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Found 247 results
  1. News Article
    Patients have been significantly harmed, including suffering permanent damage to their liver, after being given accidental overdoses of paracetamol in hospital. The NHS safety watchdog the Healthcare Safety Investigation Branch (HSIB) has now launched a national investigation after a number of incidents where adults with a low bodyweight were given too much paracetamol through an infusion, or IV drip, directly into their bloodstream. The Independent understands there were three incidents reported by NHS staff in 2020 but there have been others in earlier years including the trigger e
  2. News Article
    A cheap drug, commonly used to treat asthma, can help people at home recover more quickly from COVID-19, a UK trial has found. Two puffs of budesonide twice a day could benefit many over-50s with early symptoms around the world, said the University of Oxford research team. There are also early signs the drug could reduce hospital admissions. The NHS says it can now be prescribed by GPs to treat Covid on a case-by-case basis from today. At present, there are few options for treating people with Covid who are not in hospital, apart from paracetamol. This widely-available asth
  3. Content Article
    Coroner, Emma Serrano, concluded in the coroner's report that transplant patients are put on strong immunosuppressive medication to prevent rejection of the transplanted organ. The medication, tacrolimus in Jamie Lee Pools case, has a common known side effect of reducing magnesium levels within the body. This can be life threatening. Despite this, it is not standard practice to regularly test transplant patients magnesium levels. Whilst the Trust providing care for Jamie Lee Poole, has now remedied this, and routinely test posttransplant patients’ for magnesium levels, this is not the cas
  4. Event
    The WHO Patient Safety Flagship: A Decade of Patient Safety 2020-2030 is pleased to invite you to a webinar in the Global Patient Safety Network 2021 webinar series on the third WHO Global Patient Safety Challenge: Medication Without Harm. The aim of this Global Patient Safety Network webinar series is to introduce ongoing activities of the WHO Patient Safety Flagship, with the objective of sharing knowledge and experiences on important topics on patient safety and scaling up implementation. This webinar series is open to everyone who has an interest in patient safety. Learning obje
  5. News Article
    Unpaid carers looking after terminally ill friends and relatives during the pandemic struggled to access pain relief, with some patients dying in unnecessary pain, a survey has found. The survey of 995 unpaid carers by Marie Curie also found people had difficulties getting personal care and respite nursing for loved ones. Figures show the number of people dying at home rose by 42% in the past year. Nearly two-thirds of carers surveyed by the charity said their loved one did not get all the pain relief they needed when they were dying. Susan Lowe, from Solihull, cared for he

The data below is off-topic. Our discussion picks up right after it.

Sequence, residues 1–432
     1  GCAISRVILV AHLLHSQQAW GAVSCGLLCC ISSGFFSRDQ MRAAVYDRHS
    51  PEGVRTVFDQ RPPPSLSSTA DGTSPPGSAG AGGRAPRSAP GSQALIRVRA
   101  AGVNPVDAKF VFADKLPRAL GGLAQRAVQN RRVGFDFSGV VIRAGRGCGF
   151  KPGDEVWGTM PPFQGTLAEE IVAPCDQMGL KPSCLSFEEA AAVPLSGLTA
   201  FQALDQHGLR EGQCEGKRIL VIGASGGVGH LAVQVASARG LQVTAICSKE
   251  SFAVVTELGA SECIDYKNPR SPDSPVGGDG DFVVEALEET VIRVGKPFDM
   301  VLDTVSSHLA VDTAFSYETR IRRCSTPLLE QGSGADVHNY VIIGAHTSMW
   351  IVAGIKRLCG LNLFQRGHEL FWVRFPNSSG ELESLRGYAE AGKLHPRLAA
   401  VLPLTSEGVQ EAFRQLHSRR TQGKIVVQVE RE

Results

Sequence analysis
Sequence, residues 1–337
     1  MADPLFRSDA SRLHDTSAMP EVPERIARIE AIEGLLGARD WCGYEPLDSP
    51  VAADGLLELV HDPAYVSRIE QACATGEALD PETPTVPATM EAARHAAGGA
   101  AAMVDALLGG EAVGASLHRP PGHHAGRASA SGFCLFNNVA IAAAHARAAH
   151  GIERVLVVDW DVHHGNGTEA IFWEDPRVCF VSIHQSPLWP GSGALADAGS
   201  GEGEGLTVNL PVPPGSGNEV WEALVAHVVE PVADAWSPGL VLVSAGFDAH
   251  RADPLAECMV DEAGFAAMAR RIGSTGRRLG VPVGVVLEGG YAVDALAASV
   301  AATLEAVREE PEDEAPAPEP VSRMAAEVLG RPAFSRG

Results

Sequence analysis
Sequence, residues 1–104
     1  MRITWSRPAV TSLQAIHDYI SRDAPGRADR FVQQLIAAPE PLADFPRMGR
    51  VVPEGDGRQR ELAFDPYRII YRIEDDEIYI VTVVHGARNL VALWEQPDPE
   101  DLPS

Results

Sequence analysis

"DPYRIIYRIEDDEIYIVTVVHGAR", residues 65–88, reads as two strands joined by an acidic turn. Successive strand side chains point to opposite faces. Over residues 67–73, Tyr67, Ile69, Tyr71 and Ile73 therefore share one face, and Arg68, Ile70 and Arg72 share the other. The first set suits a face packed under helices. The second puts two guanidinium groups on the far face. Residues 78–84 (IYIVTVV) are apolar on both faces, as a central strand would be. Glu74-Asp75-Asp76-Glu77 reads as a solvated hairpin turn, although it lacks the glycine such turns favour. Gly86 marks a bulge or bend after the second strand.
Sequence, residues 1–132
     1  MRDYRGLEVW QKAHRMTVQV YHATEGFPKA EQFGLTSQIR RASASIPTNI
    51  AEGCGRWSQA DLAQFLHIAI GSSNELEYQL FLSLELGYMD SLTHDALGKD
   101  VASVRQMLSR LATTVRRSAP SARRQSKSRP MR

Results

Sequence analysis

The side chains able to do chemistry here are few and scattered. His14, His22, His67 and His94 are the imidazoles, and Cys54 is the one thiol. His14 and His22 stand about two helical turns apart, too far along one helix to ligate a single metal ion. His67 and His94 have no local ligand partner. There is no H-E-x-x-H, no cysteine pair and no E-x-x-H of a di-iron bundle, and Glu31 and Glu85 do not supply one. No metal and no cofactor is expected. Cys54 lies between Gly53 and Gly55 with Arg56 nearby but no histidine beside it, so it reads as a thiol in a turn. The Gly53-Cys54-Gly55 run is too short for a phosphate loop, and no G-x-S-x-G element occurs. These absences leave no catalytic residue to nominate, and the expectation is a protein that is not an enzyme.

6. Content Article
    Here's a summary of the changes Updates Introduction section is more concise and includes reference to the ‘Competency framework for designated prescribing practitioners’ (published December 2019). Section on ‘Purpose of framework’ has been expanded. Section on ‘Role of professionalism’ has been merged into the framework itself. There have been light amends to some competencies and supporting statements to make them clearer. There will be a Welsh translated version. Additions There are now 75 supporting statements (11 new). There are new 'furth
  7. Content Article
    The Prescribing Competency Framework covers 10 areas, all of which are essential to medication safety. In plain language they are: The consultation Assessment of the patient’s presenting complaint and medical history and other areas such as medicines history, adherence[3] and Safeguarding. Prescribing options (including stopping / reducing medicines). Always Involving the patient, including reaching a ‘shared decision’ on the treatment, or respecting the patient’s right to refuse.[3] Writing legible / legal prescriptions, with full & unambiguous directions.
  8. News Article
    Doctors ignored the concerns of a seriously ill girl's parents before reducing her pain medication, an inquest has heard. Melody Driscoll, from Croydon, died aged 11 at King's College Hospital (KCH) in July 2018. Her mother Karina Driscoll and stepfather Nigel alleged the actions of KCH reduced Melody's quality of life. She told Southwark Coroner's Court that a reduction in painkillers also contributed to her daughter's death. The family had been in dispute with KCH over the treatment given to Melody, who had several conditions including Rett syndrome, a rare and life-limiting g
  9. Content Article
    A recent blog I wrote (see link below) brings together key information for clinicians, and especially for prescribers, from a variety of sources, including patients, relatives and carers. The aim is to help to prevent patients with autism and learning disabilities being harmed by inappropriate medicines. I began this in 2018 following the death of Oliver McGowan, which I cover in teaching for (non-medical) prescribing students and in my clinical education work. It links to the NHS Learning Disability Mortality (LeDeR) Review Programme. Key points: Most of the prescribing in thi
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